Are Electrolyte Beers the New Recovery Drink?
While drinking beer and watching a sporting event is as ubiquitous and American as apple pie, the same can practically be said about enjoying the cool taste of a lager after hiking a 14er, going uber hard on a long run, or going on a full-day ride on your bike. Hike, bike, swim, run, rock climb — whatever your activity of choice, we can get behind enjoying a refreshment after a day of hard work.
Across the country, brewers are beginning to realize this. A handful of breweries are crafting beers that are (at least in theory) beneficial to you post-exercise. You already know that you need to hydrate after a day of activity, but you also need glycogen (how your body stores carbohydrates) and protein. On really hot days when your shirt is dusted in a white thin layer of salty sweat, it’s likely that you’ve lost a lot of sodium, and you’ll need to replenish. There are a variety of brands that are starting to experiment with beers brewed with these nutrient-rich ingredients to help you get those stores back, like Evil Twin Brewing, Harpoon Brewery, Zelus and Sufferfest.
While electrolyte beers are not officially recognized as a beer style according to the Brewers Association, it makes sense that smaller brewers are the ones creating these drinks. “Small brewers have long sponsored active events in their communities like weekly fun runs, bike rides and road races,” Jess Baker, editor in chief of CraftBeer.com, a website for beer lovers published by the Brewers Association, says. “People with active lifestyles no doubt love reaching for a beer after a good sweat, like after those weekend long runs, bike rides and softball games.” Most of the beers crafted with electrolytes or made to imbibe after a sporting activity are relatively new. Baker cites Dogfish Head’s SeaQuench, Mispillion River’s War Goose and Sufferfest’s FKT as examples of the trend emerging in the last two years. While popularity is certainly gaining, it’s not something that an overwhelming amount of breweries are offering. “It’s safe to say [that electrolyte beers] haven’t yet come close to the popularity of something like the juicy or hazy IPA, which could merit creating a new style,” Baker says. It will be interesting to see what happens in the next two years.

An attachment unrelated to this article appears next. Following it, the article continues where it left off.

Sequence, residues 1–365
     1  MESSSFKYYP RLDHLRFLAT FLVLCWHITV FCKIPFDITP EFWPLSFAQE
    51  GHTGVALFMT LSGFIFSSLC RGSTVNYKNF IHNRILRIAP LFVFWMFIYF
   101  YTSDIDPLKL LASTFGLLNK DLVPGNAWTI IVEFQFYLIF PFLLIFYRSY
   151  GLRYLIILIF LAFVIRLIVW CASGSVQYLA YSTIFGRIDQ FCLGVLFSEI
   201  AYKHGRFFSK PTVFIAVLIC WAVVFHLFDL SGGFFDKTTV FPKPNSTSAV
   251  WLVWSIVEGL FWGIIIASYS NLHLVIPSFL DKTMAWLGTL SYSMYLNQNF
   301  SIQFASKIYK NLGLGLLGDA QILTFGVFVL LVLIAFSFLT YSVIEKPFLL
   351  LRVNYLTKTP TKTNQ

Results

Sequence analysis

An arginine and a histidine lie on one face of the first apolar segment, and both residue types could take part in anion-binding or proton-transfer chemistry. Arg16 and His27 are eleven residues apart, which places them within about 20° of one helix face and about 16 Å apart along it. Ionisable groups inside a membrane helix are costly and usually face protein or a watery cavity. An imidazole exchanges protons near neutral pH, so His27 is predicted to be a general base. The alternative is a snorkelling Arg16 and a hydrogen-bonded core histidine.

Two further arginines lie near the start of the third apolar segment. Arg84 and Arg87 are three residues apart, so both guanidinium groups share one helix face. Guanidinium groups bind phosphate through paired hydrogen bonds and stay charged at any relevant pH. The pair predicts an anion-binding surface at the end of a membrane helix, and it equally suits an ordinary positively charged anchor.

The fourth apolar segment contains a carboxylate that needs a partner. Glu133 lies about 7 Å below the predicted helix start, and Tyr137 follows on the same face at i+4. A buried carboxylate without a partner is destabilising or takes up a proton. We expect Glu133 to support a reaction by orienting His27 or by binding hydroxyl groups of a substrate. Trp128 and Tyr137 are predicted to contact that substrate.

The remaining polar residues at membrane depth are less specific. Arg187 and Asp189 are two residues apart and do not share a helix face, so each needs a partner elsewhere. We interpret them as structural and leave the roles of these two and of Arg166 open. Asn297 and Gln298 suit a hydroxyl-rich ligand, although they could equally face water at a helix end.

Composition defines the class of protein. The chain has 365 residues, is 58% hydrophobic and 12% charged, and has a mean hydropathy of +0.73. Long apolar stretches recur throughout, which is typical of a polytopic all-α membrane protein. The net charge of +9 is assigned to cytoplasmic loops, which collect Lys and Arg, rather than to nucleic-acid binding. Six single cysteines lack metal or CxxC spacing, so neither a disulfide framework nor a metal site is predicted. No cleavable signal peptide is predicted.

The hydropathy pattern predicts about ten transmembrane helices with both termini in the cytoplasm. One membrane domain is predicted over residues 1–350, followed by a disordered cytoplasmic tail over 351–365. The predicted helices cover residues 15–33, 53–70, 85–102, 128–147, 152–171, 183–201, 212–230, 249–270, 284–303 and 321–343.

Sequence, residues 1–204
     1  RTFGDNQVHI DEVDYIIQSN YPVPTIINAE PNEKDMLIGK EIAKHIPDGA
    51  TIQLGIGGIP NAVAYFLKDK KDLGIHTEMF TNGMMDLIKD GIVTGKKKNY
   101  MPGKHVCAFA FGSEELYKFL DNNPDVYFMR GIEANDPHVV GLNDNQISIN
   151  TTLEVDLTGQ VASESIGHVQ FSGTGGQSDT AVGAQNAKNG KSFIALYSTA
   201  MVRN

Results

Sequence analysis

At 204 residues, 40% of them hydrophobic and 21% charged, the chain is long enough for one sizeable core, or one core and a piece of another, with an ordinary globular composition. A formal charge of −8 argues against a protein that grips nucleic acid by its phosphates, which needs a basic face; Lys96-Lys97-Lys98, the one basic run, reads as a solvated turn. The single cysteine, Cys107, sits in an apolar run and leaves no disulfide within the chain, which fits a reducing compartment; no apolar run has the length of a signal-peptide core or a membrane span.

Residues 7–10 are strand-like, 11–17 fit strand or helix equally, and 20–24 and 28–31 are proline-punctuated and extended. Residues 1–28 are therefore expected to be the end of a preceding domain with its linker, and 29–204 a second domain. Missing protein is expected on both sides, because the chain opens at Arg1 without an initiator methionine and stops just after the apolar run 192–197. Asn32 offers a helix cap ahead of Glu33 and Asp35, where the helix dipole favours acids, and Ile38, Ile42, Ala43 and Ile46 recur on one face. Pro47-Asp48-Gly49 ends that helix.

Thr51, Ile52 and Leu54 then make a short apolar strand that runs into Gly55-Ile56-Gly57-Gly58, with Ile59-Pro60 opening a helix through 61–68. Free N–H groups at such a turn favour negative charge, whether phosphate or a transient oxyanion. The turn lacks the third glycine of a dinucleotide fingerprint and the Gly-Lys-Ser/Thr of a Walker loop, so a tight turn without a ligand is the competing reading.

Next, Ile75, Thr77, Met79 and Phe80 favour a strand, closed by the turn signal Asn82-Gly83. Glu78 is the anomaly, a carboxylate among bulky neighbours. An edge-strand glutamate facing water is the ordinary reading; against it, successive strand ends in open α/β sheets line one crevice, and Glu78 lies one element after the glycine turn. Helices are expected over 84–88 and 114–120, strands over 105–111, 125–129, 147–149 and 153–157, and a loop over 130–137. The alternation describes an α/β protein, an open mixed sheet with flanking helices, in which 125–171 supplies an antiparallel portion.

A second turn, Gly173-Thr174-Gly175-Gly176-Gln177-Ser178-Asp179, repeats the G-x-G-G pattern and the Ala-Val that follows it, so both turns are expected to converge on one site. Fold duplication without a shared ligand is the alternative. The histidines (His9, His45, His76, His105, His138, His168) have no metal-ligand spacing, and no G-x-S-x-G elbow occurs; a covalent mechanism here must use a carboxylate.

PSA: Don’t take this as an excuse to imbibe and claim health. Studies show that beers with greater than four-percent alcohol can delay recovery, so if you’re really looking to improve your fitness and compete at the highest level, drinking alcohol isn’t the best decision. And when we reached out to sports nutritionists and dieticians to ask for their thoughts, we only heard of negative outcomes. “I have nothing on the benefits of beer post-exercise…only diminishing returns,” Susan M. Kleiner, PhD, RD, FACN, CNS, FISSN and author of The New Power Eating, says. “Alcohol has always been known for its negative affects towards exercise due to a number of factors — lack of nutrients — the body recognizes it as a toxin. Adding electrolytes to alcohol is very interesting as this would naturally help facilitate recovery particularly in endurance events,” Dan Churchill, chef of Under Armour and co-founder of Charley St. in New York City, says. “I have not seen any supportive evidence when you put the two together. In theory, whenever the body has a toxin in its system, it is the priority to rid that toxin before focusing on any other task,” Churchill says. But if you’re just looking to have fun, kick back and enjoy a beer post-run, why not do it with a beer that if nothing else, gives you the illusion of being healthy?